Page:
Today I will leave you with a quote by Dr Brian Hooker:
'understand the beast you are dealing with'....
Do you ever just sit for a moment and think, 'who the hell am I'?
I just did.
As I sit here with my second cup of coffee by 11am on a Spring Saturday morning.
I wonder where that carefree, spontaneous spirit formally known to myself, has gone?
Today I am a 33 year old old with what feels like the weight of the world on my shoulders daily.
I am a wife.
I am a mother.
I am a additional needs mother
Today for example I am not allowed to stand, sit, toilet, shower, leave the room or even speak.
The control of my 4 year old autistic son is in full force today.
And with that comes sadness.
I am so far into the grind of additional needs parenting and just life in general that I don't know who I am.
I am like a mothering robot.
They say jump. I say how high.
I am a waitress to their demands.
My days are manic crazy.
Yesterday I joked that I was like a 'manic ping pong ball'.
I ponder whether I will find myself again.
I know the version of myself has evolved but will I matter again?
I am in a funk.
A funk that I know many mothers experience at different times.
This is my day.
Perhaps I should head out for some much need 'me' time.
Where I can dictate where I walk, how I walk and what pace I walk.
Don't get me wrong, additional needs parenting is magical.
But it's hard.
Since James' diagnosis in January 2016 I have gone through many stages and phases personally.
In my entire life I don't think I have ever gone through so many emotions or change.
I have certainly evolved.
I have experienced:
I have asked why?
I have had to let go of ideals and the family image I once dreamt.
You name it and I have felt it, lived it and it's all burnt deep into my soul.
One thing is for sure my love for my son has never ever altered, ever.
Recently I have gone through a massive shift...
I can't explain it.
Am I at a place of acceptance?
Finally, after 1.5 years... am I there?
I no longer feel the need to tell people my son has autism.
He is just James.
Does this mean for the last 1.5 years during my advocacy I have been lying to the world that I have accepted our fate???
Maybe... because NOW I feel so at ease.
It is what it is.
He is who he is.
Labels removed, he is James.
I no longer need to know why we are here... it's our destiny and we will live in peace, love and we will continue change the world! That I am sure.
We will fight for inclusion, support and understanding.
We will do it with positivity, grace and style.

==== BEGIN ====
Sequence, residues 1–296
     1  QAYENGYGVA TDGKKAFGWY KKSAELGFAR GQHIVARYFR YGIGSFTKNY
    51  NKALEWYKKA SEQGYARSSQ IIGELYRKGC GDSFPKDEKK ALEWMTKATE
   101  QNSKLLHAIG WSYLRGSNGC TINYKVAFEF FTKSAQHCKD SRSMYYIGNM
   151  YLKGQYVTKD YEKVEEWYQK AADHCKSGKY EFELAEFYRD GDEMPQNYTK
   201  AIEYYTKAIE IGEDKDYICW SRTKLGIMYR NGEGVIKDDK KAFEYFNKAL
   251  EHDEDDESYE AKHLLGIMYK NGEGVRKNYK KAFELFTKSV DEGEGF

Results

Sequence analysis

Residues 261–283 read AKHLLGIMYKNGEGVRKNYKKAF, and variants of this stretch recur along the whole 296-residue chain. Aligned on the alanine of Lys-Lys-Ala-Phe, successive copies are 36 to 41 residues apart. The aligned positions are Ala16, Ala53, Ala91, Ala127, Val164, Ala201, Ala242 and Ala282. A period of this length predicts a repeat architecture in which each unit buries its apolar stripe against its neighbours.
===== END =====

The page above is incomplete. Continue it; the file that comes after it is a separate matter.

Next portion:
We are all different and not less than and we are going to blow your minds with what brilliant minds CAN DO.
Today was day ONE back at therapy for term 3....
Every Thursday James has occupational therapy and speech therapy.
We have just finished a two week break from therapy.
Normally during the school holidays he still has some therapy but aside from home based therapy we decided to have a break this time around.
Now having no therapy could go either way.
Either we are unsettled from no structure or we are calm, cool and collected and enjoying some rest.
This time around we have all enjoyed a REST.
It's been nice. It's been nice not having to race around like crazy people and we have gone with the flow.
This school holidays the weather has been beautiful.
We have enjoyed lots of outside play at all the local parks.
Filling the vitamin D tanks, making the most of fresh air not to mention all the sensory input for James.
Someone recently said to me on one of my posts ( a post about how nice our break has been) how important balance is. Therapy yes but rest and play are also really important.
NOW if you had of said that to me a year ago I would say 'NO, autism doesn't sleep so why should we'.
I had in my mind that the more I did the better he would become.
When James was diagnosed and even before I implemented everything I could.
I was going to build the best team ever.
We threw ourselves into social interactions, external therapy, home therapies, limiting anxiety, supplements... EVERYTHING.
I used the internet to guide the things I did because I didn't yet have a diagnosis or anyone to guide me with what we should be doing.
We started therapy and back then I had to drive an hour each way to OT and and hour each way to speech.
I would constantly be encouraging him to play with new things.
Working on his speech through play.
Tactile exercises. Always playing with play doh, water or sand, back then James had issues with touching textures.
I threw us into everything because our awesome psychologist told us we could change the course so I researched and we dove straight into autism life.
I literally wouldn't rest.
Up until this last holidays James has always done therapy through the holidays.
BUT I was burnt out.
I needed a chance to not be ruled by a schedule.